Ask Annie

What job-hunting military veterans need to know

August 5, 2011: 11:36 AM ET

Those who have been away from the civilian workforce for a while face special challenges when searching for work, but they also have certain rights.

By Anne Fisher, contributor

FORTUNE -- Dear Annie: I read with interest your June 10 column on how to stay upbeat during a long job search, because I've been trying to help a close friend who has been out of work since he came back from active duty in Afghanistan five months ago. He got a lot of advanced computer training in the Army, but it doesn't seem to be helping him find work, and I suspect that's partly because he needs to rewrite his resume.

Another thing: He had a job before he left, but his employer gave it away (to a relative, no less) while he was gone. I think I remember reading somewhere that my friend has a legal right to get his old job back. It would be great if that were true, but is it? — Concerned Civilian

Dear C.C.: No question about it, returning to the private sector is proving difficult for the roughly 2 million veterans of the wars in Iraq and Afghanistan, among whom unemployment has been hovering at around 11% for more than a year now.

"With so many servicemen and women doing their duty and then electing to leave the service, the problem of getting vets jobs is huge, especially in this job market that is terrible for almost everyone," notes Mark Lyden, a job recruiter and author of Veterans: Do This! Get Hired! Proven Advice for Veterans Who Need a Job.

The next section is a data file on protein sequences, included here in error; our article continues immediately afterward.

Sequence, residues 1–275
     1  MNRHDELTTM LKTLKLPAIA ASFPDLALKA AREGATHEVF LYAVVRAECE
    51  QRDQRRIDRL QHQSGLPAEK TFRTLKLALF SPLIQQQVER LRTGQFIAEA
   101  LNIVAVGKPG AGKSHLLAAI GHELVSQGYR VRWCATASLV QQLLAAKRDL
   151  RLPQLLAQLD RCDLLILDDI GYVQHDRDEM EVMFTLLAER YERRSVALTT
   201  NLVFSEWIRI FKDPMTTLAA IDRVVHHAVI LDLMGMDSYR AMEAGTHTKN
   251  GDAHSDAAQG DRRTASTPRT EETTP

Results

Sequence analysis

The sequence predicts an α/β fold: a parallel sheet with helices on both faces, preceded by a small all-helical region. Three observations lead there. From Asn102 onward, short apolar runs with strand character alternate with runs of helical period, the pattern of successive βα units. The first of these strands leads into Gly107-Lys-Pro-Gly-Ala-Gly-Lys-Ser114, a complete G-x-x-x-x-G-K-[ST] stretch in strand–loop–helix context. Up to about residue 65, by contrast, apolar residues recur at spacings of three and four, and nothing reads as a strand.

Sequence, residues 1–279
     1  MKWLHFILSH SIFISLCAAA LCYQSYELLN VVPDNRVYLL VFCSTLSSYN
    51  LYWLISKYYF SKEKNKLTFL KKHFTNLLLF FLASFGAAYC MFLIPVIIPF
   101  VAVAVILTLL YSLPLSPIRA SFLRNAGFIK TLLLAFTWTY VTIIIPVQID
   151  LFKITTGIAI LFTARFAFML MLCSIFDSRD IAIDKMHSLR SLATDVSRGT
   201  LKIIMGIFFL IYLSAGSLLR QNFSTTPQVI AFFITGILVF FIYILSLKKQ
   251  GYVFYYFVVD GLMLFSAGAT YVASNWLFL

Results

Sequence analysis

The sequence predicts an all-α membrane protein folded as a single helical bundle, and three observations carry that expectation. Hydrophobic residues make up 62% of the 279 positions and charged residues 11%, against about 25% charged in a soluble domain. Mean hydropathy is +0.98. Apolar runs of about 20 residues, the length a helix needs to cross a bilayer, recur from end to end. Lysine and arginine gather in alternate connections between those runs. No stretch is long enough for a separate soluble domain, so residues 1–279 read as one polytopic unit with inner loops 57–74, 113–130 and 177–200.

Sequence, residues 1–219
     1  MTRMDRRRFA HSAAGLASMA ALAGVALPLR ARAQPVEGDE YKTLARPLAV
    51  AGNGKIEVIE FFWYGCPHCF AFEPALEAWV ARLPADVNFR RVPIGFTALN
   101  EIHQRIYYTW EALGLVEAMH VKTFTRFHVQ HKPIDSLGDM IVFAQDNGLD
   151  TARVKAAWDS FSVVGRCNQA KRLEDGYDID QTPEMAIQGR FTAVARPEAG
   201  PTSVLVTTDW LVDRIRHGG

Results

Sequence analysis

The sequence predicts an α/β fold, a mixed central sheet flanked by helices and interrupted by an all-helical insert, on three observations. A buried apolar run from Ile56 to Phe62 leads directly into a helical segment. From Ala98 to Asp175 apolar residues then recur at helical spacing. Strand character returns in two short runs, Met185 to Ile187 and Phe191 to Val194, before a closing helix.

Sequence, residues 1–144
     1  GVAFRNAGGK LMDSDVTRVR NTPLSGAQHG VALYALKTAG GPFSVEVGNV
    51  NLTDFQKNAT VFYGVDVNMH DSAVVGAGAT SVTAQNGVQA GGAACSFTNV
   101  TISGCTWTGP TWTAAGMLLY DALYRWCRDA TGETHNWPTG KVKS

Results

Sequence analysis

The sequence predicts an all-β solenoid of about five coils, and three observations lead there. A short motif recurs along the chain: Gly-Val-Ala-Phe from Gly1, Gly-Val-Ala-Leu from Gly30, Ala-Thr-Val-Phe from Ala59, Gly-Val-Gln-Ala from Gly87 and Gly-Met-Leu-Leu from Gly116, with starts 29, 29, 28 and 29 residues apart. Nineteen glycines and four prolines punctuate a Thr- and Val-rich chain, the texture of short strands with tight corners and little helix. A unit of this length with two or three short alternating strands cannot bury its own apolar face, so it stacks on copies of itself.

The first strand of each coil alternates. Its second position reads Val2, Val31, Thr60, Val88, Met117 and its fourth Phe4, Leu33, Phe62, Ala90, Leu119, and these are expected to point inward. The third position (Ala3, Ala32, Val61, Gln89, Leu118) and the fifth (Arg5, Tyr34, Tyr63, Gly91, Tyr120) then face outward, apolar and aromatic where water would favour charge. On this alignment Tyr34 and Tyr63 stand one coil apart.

One obstacle for returning military personnel, he points out, is that civilian employers "are programmed to look for certain things, and even the most highly qualified vets often just don't give employers what they are looking for in the way they are looking for it. In other words, what vets say and how they say it doesn't match the script that companies are using to find employees."

Since you mention that your friend's resume may need an overhaul, consider these four tips from Lyden on how to make a CV match up with employers' "scripts":

1. Count your hours. Most hiring managers "really have no clue how many hours per week military people put into their work, so you should mention it," says Lyden. "In the part of your resume that describes your experience, put in something like, 'Worked an average of 60 hours per week. This conveys that, if there are occasions where a 60-hour week is needed to get something critical done, you're used to that, so you're up to the task."

2. Numbers are crucial. "Employers love to see experience with numbers attached," notes Lyden. "It suggests you will do the same for them. So you should always cite things like time saved and cost savings you achieved, with specifics about hours and dollars saved per week, per month, or per year." Another important number: How many people reported to you.

Use numerals instead of writing out these figures, Lyden adds: "If you are glancing at two resumes and one says, 'One hundred thousand dollars saved' and the other says, '$100,000 saved', see how the numerals pop out at you?"